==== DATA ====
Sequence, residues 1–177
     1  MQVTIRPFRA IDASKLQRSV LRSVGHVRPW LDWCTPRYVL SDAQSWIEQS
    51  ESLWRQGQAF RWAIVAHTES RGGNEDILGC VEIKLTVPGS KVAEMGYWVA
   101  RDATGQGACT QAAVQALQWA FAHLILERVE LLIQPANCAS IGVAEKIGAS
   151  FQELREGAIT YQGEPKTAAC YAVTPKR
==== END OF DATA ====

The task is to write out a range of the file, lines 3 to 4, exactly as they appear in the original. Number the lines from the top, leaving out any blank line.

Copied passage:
    51  ESLWRQGQAF RWAIVAHTES RGGNEDILGC VEIKLTVPGS KVAEMGYWVA
   101  RDATGQGACT QAAVQALQWA FAHLILERVE LLIQPANCAS IGVAEKIGAS